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File Inclusion

A file can be included as follows:


File, a string, is to point out a file. The contents of this file are included as is, at the position of the directive.

Include files are typically used for record and macro definitions that are shared by several modules. It is recommended to use the file name extension .hrl for include files.

File can start with a path component $VAR, for some string VAR. If that is the case, the value of the environment variable VAR as returned by os:getenv(VAR) is substituted for $VAR. If os:getenv(VAR) returns false, $VAR is left as is.

If the filename File is absolute (possibly after variable substitution), the include file with that name is included. Otherwise, the specified file is searched for in the following directories, and in this order:

  1. The current working directory
  2. The directory where the module is being compiled
  3. The directories given by the include option

For details, see erlc in ERTS and compile in Compiler.



include_lib is similar to include, but is not to point out an absolute file. Instead, the first path component (possibly after variable substitution) is assumed to be the name of an application.



The code server uses code:lib_dir(kernel) to find the directory of the current (latest) version of Kernel, and then the subdirectory include is searched for the file file.hrl.

Defining and Using Macros

A macro is defined as follows:

-define(Const, Replacement).
-define(Func(Var1,...,VarN), Replacement).

A macro definition can be placed anywhere among the attributes and function declarations of a module, but the definition must come before any usage of the macro.

If a macro is used in several modules, it is recommended that the macro definition is placed in an include file.

A macro is used as follows:


Macros are expanded during compilation. A simple macro ?Const is replaced with Replacement.


-define(TIMEOUT, 200).
call(Request) ->
    server:call(refserver, Request, ?TIMEOUT).

This is expanded to:

call(Request) ->
    server:call(refserver, Request, 200).

A macro ?Func(Arg1,...,ArgN) is replaced with Replacement, where all occurrences of a variable Var from the macro definition are replaced with the corresponding argument Arg.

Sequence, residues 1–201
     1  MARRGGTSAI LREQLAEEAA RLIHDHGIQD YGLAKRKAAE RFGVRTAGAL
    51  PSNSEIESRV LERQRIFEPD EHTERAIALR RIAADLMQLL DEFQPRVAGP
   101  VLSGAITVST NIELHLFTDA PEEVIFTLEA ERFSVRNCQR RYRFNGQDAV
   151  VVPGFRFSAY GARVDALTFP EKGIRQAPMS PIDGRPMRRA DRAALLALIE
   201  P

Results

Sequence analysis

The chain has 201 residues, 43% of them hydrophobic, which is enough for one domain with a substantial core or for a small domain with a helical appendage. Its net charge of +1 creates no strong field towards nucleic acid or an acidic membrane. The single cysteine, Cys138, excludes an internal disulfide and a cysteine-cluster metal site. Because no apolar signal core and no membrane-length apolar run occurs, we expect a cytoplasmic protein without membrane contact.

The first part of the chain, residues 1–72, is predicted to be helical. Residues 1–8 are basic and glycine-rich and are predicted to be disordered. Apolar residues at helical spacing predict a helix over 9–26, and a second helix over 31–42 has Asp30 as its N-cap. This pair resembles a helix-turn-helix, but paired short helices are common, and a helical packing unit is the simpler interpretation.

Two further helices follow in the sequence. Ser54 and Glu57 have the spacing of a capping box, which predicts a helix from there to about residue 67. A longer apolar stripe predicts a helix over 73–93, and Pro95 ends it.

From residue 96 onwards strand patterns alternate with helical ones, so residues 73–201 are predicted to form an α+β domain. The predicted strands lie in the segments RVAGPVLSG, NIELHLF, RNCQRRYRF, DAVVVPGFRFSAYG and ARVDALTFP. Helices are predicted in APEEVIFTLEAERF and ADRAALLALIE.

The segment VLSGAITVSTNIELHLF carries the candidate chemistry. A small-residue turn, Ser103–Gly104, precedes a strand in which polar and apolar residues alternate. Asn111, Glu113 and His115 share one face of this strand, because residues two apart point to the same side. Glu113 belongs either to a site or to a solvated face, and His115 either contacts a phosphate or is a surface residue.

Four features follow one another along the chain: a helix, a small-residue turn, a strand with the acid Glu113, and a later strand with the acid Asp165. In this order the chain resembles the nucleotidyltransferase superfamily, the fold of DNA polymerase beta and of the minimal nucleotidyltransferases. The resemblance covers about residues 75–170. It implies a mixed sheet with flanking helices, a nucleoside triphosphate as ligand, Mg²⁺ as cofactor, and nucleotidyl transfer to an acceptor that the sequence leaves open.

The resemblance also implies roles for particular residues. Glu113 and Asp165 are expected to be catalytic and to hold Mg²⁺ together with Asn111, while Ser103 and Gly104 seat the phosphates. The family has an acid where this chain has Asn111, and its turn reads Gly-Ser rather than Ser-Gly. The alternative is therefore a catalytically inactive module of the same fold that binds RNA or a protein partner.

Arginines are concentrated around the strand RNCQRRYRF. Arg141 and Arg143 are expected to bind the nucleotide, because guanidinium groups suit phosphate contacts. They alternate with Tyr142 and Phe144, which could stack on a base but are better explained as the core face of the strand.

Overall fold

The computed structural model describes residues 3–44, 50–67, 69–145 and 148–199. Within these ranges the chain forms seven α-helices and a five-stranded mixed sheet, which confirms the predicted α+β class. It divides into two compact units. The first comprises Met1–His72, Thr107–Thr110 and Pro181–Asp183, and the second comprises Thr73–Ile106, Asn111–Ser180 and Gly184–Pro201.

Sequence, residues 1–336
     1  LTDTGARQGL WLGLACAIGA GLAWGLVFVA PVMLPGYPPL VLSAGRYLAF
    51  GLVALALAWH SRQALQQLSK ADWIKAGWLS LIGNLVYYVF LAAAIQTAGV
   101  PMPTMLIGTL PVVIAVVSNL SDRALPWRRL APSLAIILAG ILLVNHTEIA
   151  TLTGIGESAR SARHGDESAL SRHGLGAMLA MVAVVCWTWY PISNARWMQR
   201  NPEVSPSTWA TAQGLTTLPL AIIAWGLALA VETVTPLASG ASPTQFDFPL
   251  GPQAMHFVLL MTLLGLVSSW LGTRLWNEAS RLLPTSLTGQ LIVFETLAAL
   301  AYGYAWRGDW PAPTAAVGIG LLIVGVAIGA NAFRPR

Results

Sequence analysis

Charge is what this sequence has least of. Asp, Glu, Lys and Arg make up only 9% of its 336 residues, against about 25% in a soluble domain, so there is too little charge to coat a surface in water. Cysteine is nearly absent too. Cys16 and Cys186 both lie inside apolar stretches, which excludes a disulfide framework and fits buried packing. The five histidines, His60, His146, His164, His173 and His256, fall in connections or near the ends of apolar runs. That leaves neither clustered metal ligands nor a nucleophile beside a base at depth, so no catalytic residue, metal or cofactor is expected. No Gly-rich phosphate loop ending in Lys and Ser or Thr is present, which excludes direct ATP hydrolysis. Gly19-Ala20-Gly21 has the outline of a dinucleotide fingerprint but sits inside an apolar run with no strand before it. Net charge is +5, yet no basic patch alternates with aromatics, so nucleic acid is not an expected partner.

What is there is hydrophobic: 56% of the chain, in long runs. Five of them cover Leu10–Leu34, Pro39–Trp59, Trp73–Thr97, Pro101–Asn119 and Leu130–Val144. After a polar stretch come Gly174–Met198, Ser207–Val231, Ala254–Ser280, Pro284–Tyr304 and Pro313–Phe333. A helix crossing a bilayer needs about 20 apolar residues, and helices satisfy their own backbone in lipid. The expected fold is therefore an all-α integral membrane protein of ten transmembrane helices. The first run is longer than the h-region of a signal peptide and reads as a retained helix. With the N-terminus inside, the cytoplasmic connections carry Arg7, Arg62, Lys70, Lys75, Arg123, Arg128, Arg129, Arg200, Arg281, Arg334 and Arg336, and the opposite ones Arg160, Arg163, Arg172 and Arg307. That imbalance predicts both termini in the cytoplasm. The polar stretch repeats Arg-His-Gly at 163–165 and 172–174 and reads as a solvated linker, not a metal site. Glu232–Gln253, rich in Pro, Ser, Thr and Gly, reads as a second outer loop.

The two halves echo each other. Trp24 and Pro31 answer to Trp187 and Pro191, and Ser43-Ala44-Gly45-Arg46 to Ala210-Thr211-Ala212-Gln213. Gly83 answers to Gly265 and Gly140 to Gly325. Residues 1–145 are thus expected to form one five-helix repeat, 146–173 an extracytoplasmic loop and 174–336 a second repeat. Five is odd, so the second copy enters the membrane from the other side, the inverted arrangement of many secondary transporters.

-define(MACRO1(X, Y), {a, X, b, Y}).
bar(X) ->
    ?MACRO1(a, b),
    ?MACRO1(X, 123)

This is expanded to:

bar(X) ->

It is good programming practice, but not mandatory, to ensure that a macro definition is a valid Erlang syntactic form.

To view the result of macro expansion, a module can be compiled with the 'P' option. compile:file(File, ['P']). This produces a listing of the parsed code after preprocessing and parse transforms, in the file File.P.

Predefined Macros

The following macros are predefined:

  • ?MODULE - The name of the current module.

  • ?MODULE_STRING. - The name of the current module, as a string.

  • ?FILE. - The file name of the current module.

  • ?LINE. - The current line number.

  • ?MACHINE. - The machine name, 'BEAM'.

  • ?FUNCTION_NAME - The name of the current function.

  • ?FUNCTION_ARITY - The arity (number of arguments) for the current function.

  • ?OTP_RELEASE - The OTP release that the currently executing ERTS application is part of, as an integer. For details, see erlang:system_info(otp_release).


    The ?OTP_RELEASE macro was introduced in Erlang/OTP 21.

  • ?FEATURE_AVAILABLE(Feature) - Expands to true if the feature Feature is available. The feature might or might not be enabled.


    The ?FEATURE_AVAILABLE() macro was introduced in Erlang/OTP 25.

  • ?FEATURE_ENABLED(Feature) - Expands to true if the feature Feature is enabled.


    The ?FEATURE_ENABLED() macro was introduced in Erlang/OTP 25.

Macros Overloading

It is possible to overload macros, except for predefined macros. An overloaded macro has more than one definition, each with a different number of arguments.


Support for overloading of macros was added in Erlang 5.7.5/OTP R13B04.

A macro ?Func(Arg1,...,ArgN) with a (possibly empty) list of arguments results in an error message if there is at least one definition of Func with arguments, but none with N arguments.